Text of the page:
# Central-Force Motion Problem

• sams
In summary, the conversation discusses a problem in Chapter 8 of the Classical Dynamics of Particles and Systems book, where the task is to show that two particles will collide after a specific time. The speaker has no trouble with the derivations and integrations but is unsure why a negative sign was included in Equation (6) and suggests that it should have been in Equation (5) instead. The other person explains that the negative sign is necessary in Equation (4) due to the physical reasons involving the negative velocity of the particles. The conversation ends with gratitude for the help and support.

#### sams

Gold Member
In Chapter 8: Central-Force Motion, in the Classical Dynamics of Particles and Systems book by Thornton and Marion, Fifth Edition, page 323, Problem 8-5, we are asked to show that the two particles will collide after a time ##\tau/4√2##.

I don't have any problems with the derivations and with the integrations, but I want to know please why the authors put a negative sign in Equation (6) and what do they mean that the negative sign was included due to the fact that the time increases as the distance decreases?

Thanks a lot for your help...

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In my opinion the negative sign should have appeared in equation (5). Equation (4) for ##\dot{x}^2## has two solutions. In this case, the negative square root is required as ##\dot{x}## is negative, for the physical reason given

sams
Thank you so much @PeroK for your continuous support...

## 1. What is central-force motion problem?

The central-force motion problem is a type of motion problem in which a single particle moves under the influence of a central force that is directed towards or away from a fixed point. This type of motion can be seen in many real-world scenarios, such as the orbit of planets around the sun or the motion of electrons around an atomic nucleus.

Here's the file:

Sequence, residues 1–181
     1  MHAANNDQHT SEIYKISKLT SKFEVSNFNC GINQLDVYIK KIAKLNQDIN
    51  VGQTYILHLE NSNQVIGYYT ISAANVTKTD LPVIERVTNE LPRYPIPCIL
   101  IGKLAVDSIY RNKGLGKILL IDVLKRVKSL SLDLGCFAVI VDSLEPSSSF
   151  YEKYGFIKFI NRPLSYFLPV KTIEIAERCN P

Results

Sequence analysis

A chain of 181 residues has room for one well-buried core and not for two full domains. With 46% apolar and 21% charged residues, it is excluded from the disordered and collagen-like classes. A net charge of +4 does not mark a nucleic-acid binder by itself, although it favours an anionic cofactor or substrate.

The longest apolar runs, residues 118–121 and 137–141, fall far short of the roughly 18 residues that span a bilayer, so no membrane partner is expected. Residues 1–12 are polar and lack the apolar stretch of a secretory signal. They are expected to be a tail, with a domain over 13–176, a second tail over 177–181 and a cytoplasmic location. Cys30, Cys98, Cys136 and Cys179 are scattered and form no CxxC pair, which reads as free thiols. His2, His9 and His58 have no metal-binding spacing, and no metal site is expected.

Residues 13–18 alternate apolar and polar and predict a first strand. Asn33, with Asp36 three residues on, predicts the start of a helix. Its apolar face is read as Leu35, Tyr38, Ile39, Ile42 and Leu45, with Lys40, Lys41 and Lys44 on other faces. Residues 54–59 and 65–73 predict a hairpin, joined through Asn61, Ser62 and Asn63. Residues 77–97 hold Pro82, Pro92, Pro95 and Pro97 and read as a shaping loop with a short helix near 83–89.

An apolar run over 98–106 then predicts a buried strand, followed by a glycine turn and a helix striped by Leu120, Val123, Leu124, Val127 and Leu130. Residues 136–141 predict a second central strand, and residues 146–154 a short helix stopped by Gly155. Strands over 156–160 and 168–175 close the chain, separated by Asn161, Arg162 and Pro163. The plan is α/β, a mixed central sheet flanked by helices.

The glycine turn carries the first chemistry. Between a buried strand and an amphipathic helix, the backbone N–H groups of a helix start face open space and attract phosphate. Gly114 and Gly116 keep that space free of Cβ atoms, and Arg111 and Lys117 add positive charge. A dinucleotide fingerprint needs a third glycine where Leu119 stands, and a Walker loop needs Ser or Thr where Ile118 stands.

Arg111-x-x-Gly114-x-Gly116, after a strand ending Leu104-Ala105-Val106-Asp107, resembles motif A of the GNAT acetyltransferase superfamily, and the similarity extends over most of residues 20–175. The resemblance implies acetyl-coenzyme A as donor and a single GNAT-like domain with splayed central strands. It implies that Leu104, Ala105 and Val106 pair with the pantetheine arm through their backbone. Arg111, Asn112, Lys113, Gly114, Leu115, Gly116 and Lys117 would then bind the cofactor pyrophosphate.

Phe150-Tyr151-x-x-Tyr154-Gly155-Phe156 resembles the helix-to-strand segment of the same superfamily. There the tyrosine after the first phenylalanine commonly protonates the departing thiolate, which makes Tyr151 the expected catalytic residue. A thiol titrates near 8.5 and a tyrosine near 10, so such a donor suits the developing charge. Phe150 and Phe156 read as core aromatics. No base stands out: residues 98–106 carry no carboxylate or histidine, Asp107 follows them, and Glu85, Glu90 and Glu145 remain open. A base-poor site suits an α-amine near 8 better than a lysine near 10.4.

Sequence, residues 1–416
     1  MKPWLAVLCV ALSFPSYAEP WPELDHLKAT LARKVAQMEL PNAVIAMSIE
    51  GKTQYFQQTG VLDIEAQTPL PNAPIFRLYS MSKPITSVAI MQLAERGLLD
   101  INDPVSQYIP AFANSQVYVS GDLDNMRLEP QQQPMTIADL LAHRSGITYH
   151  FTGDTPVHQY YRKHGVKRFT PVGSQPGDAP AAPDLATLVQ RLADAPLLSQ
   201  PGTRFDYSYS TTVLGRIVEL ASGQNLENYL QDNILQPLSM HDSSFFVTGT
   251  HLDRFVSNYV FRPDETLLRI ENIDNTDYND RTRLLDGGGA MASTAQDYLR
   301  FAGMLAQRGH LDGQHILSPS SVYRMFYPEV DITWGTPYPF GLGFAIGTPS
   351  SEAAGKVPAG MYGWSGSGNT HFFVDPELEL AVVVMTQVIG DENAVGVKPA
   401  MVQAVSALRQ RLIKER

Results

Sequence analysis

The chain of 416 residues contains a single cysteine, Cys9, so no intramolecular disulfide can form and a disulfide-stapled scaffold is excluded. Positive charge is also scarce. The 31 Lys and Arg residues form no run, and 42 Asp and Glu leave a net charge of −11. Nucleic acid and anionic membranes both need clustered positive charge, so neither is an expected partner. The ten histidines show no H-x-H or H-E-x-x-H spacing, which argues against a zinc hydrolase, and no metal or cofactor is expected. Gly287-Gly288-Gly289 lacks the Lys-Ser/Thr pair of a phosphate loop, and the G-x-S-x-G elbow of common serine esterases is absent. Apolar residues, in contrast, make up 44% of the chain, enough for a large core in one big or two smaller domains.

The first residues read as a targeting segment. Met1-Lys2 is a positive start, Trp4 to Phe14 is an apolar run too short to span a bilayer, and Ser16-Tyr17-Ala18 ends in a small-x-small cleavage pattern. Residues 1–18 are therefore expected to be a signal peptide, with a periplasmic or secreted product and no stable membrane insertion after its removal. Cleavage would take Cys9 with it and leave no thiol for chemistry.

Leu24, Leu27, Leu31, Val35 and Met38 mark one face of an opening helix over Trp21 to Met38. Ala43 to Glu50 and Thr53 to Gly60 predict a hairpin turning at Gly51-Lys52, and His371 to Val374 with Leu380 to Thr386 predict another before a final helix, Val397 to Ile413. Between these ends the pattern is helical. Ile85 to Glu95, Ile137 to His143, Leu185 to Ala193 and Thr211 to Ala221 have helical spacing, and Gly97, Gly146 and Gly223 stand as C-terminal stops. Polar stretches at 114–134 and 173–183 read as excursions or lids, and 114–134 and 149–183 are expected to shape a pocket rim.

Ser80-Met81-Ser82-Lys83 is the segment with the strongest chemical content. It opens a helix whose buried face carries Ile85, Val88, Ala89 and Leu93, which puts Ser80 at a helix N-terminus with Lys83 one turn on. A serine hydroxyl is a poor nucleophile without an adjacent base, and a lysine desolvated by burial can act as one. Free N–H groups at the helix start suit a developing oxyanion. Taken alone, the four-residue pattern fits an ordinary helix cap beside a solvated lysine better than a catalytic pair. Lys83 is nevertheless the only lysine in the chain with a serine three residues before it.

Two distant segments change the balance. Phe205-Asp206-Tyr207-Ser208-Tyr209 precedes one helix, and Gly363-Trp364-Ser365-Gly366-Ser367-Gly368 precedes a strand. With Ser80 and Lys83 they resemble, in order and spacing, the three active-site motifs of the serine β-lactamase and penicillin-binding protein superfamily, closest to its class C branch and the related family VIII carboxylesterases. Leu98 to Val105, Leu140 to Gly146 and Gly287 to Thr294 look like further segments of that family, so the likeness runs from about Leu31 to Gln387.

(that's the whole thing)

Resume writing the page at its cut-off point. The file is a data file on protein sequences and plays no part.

## 2. What are the key factors that influence central-force motion?

The key factors that influence central-force motion are the magnitude and direction of the central force, the initial position and velocity of the particle, and the mass of the particle. These factors determine the path and speed of the particle as it moves under the influence of the central force.

## 3. How do you calculate the trajectory of a particle in central-force motion?

The trajectory of a particle in central-force motion can be calculated using Newton's second law of motion, which states that the net force acting on an object is equal to its mass multiplied by its acceleration. By solving for the acceleration and integrating with respect to time, the particle's position, velocity, and acceleration can be determined at any given time.

## 4. What is the significance of angular momentum in central-force motion?

Angular momentum is a conserved quantity in central-force motion, meaning that it remains constant throughout the motion. This means that as the particle moves closer to the center of the central force, its velocity increases to maintain a constant angular momentum. This concept is important in understanding the behavior of objects in orbit, as well as other central-force motion scenarios.

## 5. How does central-force motion differ from other types of motion?

Central-force motion differs from other types of motion in that it is restricted to a specific type of force (a central force) and a single particle. In other types of motion, such as projectile motion or circular motion, the force may vary or there may be multiple particles involved. Central-force motion also has unique characteristics, such as the conservation of angular momentum, that make it distinct from other types of motion.